The constituency system will entrench the rule of one party

Dear Editor,

I read with interest a letter authored by Tarron Khemraj, Mark DaCosta and Terrence Simon, captioned, ‘The PPP/C’s refusal to hold local government elections is hurting all Guyanese’, published in your newspaper on August 7. The three writers registered their call for the holding of the long-overdue local government elections. I take this opportunity to join with the three writers to also register my call for these elections, knowing that, boosted by the related bills passed by Parliament and assented to by the President, they can tremendously contribute to the revival of local democracy and its attendant benefits.

Of concern to me, however, is the call by the three writers for us to revert to a constituency-based electoral system and to do away with the PR (list) system.

This call seems to be ignoring both the history and the demography of Guyana. We already had the constituency system in place before we adopted the list system. The constituency system resulted in the same problem the writers want to resolve, that is, the entrenched rule of one party. In the period immediately preceding the 1964 election, the first election, conducted under the list system, the distribution of seats per votes was skewed in favour of the party which enjoyed the plurality of votes. Historically, this party has been the PPP.

In the 1953 election, the PPP copped 51% of the votes but got 75% seats in Parliament. This amounted to absolute control of Parliament with only 51% of votes cast. In the same election, the other parties (there was no PNC then) got 49% of votes cast but only 25% of seats. In the 1957 election (this was after the split in the PPP), the PPP got 47.6% of the votes cast with 65% of the seats (this is one seat shy of a 2/3 majority in Parliament without a simple majority of votes cast), while the PNC got 39.4% of the votes cast with only 28% of seats, and the other parties, 13% of the votes and 7% of the seats. In that election, although the combined opposition copped 52% of the votes cast, they were only entitled to a combined 35% of seats. In the 1961 election, the PPP got 42% of the votes cast with 57% of the seats, while the PNC got 41% of the votes with 31% of seats and the UF, 16% of votes with 12% of seats. It means that with a combined majority of 57.3% of votes cast for the opposition parties, those parties were only entitled to 43% of the parliamentary seats. With the implementation of the list system, distributive justice prevailed which made it possible for the opposition parties (PNC and UF) to enter into a post-election coalition and form the government in 1964.

In the election immediately after the implementation of the list system, the distribution of seats per votes was as follows: the PPP got 46% of the votes cast with 45% of the seats; the PNC got 41% of the votes with 41% of the seats; the UF got 12% of votes with13% of seats.

Based on this historical experience, and on a lack of specificity and clarity relating to any special

configuration of the constituency system which could correct the structural biases outlined above, the proposition by these three writers seems to be giving the PPP a lifeline at the very moment the party appears to be experiencing its decline.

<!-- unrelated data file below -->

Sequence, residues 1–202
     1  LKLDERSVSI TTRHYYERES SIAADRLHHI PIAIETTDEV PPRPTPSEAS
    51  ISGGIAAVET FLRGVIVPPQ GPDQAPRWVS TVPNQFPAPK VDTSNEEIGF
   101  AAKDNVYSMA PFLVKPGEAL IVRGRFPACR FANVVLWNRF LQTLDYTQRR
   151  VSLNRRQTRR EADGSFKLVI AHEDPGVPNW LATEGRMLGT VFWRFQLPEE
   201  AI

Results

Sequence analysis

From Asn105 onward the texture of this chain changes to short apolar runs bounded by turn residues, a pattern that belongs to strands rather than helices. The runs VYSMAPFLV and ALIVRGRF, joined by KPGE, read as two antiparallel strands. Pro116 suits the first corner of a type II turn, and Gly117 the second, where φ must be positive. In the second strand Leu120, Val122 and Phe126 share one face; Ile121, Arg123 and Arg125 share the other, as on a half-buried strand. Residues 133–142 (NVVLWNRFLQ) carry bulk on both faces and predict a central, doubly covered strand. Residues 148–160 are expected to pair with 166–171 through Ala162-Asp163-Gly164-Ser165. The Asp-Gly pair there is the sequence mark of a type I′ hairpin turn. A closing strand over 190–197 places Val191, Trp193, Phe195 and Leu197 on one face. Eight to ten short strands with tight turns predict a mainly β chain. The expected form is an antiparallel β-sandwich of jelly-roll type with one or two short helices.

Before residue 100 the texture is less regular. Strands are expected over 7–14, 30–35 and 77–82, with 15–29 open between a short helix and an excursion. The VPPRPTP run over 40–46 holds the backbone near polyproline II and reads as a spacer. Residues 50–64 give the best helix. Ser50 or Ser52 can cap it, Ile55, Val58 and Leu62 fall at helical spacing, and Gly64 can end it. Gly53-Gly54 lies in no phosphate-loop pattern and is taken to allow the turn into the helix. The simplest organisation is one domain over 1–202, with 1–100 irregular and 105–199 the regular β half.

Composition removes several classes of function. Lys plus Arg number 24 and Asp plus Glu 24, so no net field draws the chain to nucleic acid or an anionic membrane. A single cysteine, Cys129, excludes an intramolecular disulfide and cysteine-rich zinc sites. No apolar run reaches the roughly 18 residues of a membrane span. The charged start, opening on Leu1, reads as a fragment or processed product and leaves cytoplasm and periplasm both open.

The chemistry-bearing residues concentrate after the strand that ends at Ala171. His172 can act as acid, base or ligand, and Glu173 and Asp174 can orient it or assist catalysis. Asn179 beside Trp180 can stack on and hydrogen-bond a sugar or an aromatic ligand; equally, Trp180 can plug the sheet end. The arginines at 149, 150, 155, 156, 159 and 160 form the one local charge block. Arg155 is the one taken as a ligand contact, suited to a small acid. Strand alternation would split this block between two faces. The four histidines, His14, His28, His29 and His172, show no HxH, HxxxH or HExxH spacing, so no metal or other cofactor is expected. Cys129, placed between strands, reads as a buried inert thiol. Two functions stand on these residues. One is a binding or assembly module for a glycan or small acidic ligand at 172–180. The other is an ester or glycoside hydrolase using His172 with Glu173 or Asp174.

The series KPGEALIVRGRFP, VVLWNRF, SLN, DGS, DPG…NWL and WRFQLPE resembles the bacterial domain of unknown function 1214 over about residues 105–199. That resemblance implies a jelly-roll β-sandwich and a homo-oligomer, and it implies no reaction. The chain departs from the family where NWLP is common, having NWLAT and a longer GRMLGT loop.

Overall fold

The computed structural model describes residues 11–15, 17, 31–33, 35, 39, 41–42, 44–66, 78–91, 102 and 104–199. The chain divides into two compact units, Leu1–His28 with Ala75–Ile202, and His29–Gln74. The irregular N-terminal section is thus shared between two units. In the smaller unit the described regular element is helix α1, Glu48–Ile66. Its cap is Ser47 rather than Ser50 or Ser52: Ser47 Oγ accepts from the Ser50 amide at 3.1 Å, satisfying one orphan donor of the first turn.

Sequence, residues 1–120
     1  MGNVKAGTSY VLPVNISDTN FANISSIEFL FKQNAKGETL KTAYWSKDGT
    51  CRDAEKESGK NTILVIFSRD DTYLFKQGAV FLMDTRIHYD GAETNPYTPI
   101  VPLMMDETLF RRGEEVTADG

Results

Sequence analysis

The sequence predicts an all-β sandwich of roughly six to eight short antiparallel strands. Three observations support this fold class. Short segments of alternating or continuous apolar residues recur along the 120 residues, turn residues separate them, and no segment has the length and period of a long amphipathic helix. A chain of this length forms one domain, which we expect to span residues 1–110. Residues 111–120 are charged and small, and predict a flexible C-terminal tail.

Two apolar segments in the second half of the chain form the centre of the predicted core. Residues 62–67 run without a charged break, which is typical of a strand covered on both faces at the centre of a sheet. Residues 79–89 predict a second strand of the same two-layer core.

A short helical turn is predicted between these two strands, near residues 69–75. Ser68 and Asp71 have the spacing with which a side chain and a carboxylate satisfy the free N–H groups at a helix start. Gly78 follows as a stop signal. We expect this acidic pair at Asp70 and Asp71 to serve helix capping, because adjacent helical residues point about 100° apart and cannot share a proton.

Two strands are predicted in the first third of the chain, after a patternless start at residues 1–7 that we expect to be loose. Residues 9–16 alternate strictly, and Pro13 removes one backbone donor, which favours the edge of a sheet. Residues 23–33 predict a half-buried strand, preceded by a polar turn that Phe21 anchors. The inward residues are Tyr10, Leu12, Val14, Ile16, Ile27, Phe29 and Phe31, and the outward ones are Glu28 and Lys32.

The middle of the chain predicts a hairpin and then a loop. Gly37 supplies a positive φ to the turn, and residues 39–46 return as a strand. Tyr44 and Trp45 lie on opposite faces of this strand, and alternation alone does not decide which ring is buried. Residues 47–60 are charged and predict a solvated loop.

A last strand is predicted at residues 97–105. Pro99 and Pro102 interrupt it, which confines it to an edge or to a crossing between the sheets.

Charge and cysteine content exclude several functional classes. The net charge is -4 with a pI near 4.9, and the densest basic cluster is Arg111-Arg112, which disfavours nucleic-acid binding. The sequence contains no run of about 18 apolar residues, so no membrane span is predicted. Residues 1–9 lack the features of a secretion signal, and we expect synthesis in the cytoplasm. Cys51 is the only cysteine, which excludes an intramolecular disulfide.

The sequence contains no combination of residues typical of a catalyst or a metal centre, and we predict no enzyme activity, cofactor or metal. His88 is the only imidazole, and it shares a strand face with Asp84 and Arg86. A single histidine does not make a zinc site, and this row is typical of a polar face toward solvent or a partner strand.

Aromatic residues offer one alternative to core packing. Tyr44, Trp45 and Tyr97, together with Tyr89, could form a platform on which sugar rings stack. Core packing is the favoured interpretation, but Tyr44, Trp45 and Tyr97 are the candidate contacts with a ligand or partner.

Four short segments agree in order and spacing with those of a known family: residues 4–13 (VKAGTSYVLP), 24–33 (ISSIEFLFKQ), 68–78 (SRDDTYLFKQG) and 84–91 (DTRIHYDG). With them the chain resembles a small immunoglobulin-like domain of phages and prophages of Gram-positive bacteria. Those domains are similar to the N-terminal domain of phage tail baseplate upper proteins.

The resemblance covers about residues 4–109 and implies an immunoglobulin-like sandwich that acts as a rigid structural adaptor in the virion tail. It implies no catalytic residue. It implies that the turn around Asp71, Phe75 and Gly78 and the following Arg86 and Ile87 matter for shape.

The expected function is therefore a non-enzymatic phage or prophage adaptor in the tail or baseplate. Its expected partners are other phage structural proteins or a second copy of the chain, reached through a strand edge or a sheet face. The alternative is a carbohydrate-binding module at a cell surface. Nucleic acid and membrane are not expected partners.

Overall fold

Yours faithfully,

Duane Edwards

Comments  

Chronicle article libelled Clifton Bacchus and damaged his business

Dear Editor, I act on behalf of Clifton Bacchus, personally, and in his capacity as the majority shareholder of Sleepin International Hotel& Casino Inc of Lot 289 Church Street, Queenstown, Georgetown.

Two NWD cases should be re-investigated

Dear Editor, The Amerindian Action Movement of Guyana (TAAMOG) is calling on the Guyana Police Force (GPF) and the Director of Public Prosecution to order a re-investigation into the death of two Amerindian children killed as a result of a speedboat accident, where the occupants failed to render assistance to the Basil Da Silva family on 26th August, 2016 on the Waini River, about two miles from Morawhanna.

It was earlier proposed that UG have smoke zones as well as smoke free ones

Dear Editor, Some years ago when I served as the Secretary of UGSS, the then Health Minister, Dr Leslie Ramsammy held the position that the University of Guyana should be made a smoke free zone.

There is a difference between employees of the state and employees of the government

Dear Editor, Having read Maxwell E Edwards’ response to Chevy Devonish addressing the issue whether the President has the authority to direct the Police Service Commission not to act on the list which forms the recommendation for promotions in the Police Force, there arise issues for further deliberation.

Unauthorised group soliciting donations for Belle Vue Sports Club

Dear Editor, Belle Vue Sports Club has been made to understand that another group of people is using the club’s name to solicit donations (monetary and other forms) both in person and on social media.

Your browser is out-of-date!

Update your browser to view this website correctly.

We built stabroeknews.com using new technology. This makes our website faster, more feature rich and easier to use for 95% of our readers.
Unfortunately, your browser does not support some of these technologies. Click the button below and choose a modern browser to receive our intended user experience.

Update my browser now

×